Nvidia rounds out its 700 GPU series with affordable GeForce GTX 760

780, 770, 760...

The best things in life come in threes, or so we'll say for our purposes here.

Nvidia is out today with the third member and for now final member of its GeForce GTX 700 series, the GTX 760 GPU. As the company put it during a briefing at E3 2013, making a better PC gaming experience starts with creating faster hardware, and that's where the 760 comes in.

Based on Nvidia's Kepler architecture, the 760 is about striking a balance between price and performance, the company told us. Whereas the recently announced GTX 770 and GTX 780 are aimed at pushing the limits of PC performance, the 760 is a more wallet-friendly yet still an adroit alternative.

Just how much can you expect to pay for the GTX 760? Try an expected start price of $249 (around £161, AU$268).


The GTX 760 may be a cheaper 700, but it's no slouch.

The graphics card is loaded with 1,152 CUDA cores and boasts a base clock speed of 980MHz.

Boost clock hits 1,033MHz and memory speed runs at 6.0Gbps.

Nvidia graph

Some Nvidia performance comparisons

Like it's big brothers, the GTX 760 comes in both 2GB and 4GB/256-bit GDDDR5 configurations and has Nvidia's GPU Boost 2.0 tech.

Power connectors stick in 6-pin + 6-pin, while users also have access to 2x DL-DVI, HDMI and Displayport 1.2 for output purposes.

Finally, single precision processing power flushes on 2.3 Teraflops and thermal design power is 170W. Users shouldn't worry too much about noise from their GTX 760's fan as Nvidia has equipped it with its whir-reducing adaptive temperature controllers.

Building on previous GPU generations, the GTX 760 smashes past some older Nvidia chips. Compared to 2009's GTX 275, the 770 has a 200 percent performance jump, and it's 140 percent improved over the GTX 560, out in 2011.

As Nvidia tells it, the GTX 760 is designed to give gamers a heady amount of power for this year's games. Titles like Batman: Arkam Origins, The Witcher 3: Wild Hunt and Watch Dogs are the types of game play it's targeting to optimize with the new GPU.

With the addition of the 760, Nvidia flushed out its GeForce GTX 2013 offerings through the rest of the fall, topped by the GTX Titan and anchored by the GTX 650. The GTX 760 will be available worldwide through Nvidia's partner, including Asus, Colorful, EVGA, Galaxy, Gigabyte, MSI and Zotac.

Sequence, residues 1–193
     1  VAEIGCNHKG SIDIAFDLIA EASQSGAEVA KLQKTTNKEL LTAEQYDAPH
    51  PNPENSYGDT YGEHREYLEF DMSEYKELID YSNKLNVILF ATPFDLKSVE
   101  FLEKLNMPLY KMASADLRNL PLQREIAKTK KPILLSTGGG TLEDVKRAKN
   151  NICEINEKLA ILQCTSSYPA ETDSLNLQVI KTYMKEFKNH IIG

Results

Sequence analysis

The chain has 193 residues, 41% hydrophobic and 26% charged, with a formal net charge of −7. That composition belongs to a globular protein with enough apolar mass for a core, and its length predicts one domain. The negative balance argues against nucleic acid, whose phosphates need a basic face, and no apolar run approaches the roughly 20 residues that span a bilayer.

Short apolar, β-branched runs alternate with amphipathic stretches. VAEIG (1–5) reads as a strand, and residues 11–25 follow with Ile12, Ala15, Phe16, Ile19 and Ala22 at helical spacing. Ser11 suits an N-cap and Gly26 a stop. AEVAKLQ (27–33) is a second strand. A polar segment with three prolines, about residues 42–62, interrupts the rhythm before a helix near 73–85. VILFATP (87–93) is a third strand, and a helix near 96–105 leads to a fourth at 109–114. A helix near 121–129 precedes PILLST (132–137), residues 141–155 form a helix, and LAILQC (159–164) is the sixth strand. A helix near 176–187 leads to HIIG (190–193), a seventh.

U.S. customers can expect to see fully configured systems hit builder shelves at places like AVADirect, Digital Storm, Geekbox, V3 Gaming and Velocity Micro.

But wait!

Way back in May when Nvidia first revealed the $600+ GTX 780, the company also threw light on a game recording feature called ShadowPlay.

While we heard plenty on its up-to-20-minute recording capabilities, we were only told that it would be available in the summer. Well, summer is here, and so is ShadowPlay: Nvidia is bringing the feature in beta form to GeForce Experience starting today.

ShadowPlay utilizes the video encoders built into Kepler GPUs, allowing users to record what they are doing on the screen with minimal impact on the frame rates (the largest dip Nvidia has seen in its test is 5 percent).

What's more, it's always on, so users don't have to anticipate when they want to record; they just can.

"We've designed it so you wouldn't just have it on," the company told us at E3.

We saw ShadowPlay in action in action at E3 and sure enough, during recoding, dips in frame rate were much smaller compared to Fraps. Depending on the length of time you set in Shadow Mode (between 1 minute to 20 minutes), ShadowPlay will automatically save that clip to a spot on a PC users select beforehand.

The files, already compressed, can be uploaded to YouTube/Facebook/etc. as is.

Michelle Fitzsimmons

Michelle was previously a news editor at TechRadar, leading consumer tech news and reviews. Michelle is now a Content Strategist at Facebook.  A versatile, highly effective content writer and skilled editor with a keen eye for detail, Michelle is a collaborative problem solver and covered everything from smartwatches and microprocessors to VR and self-driving cars.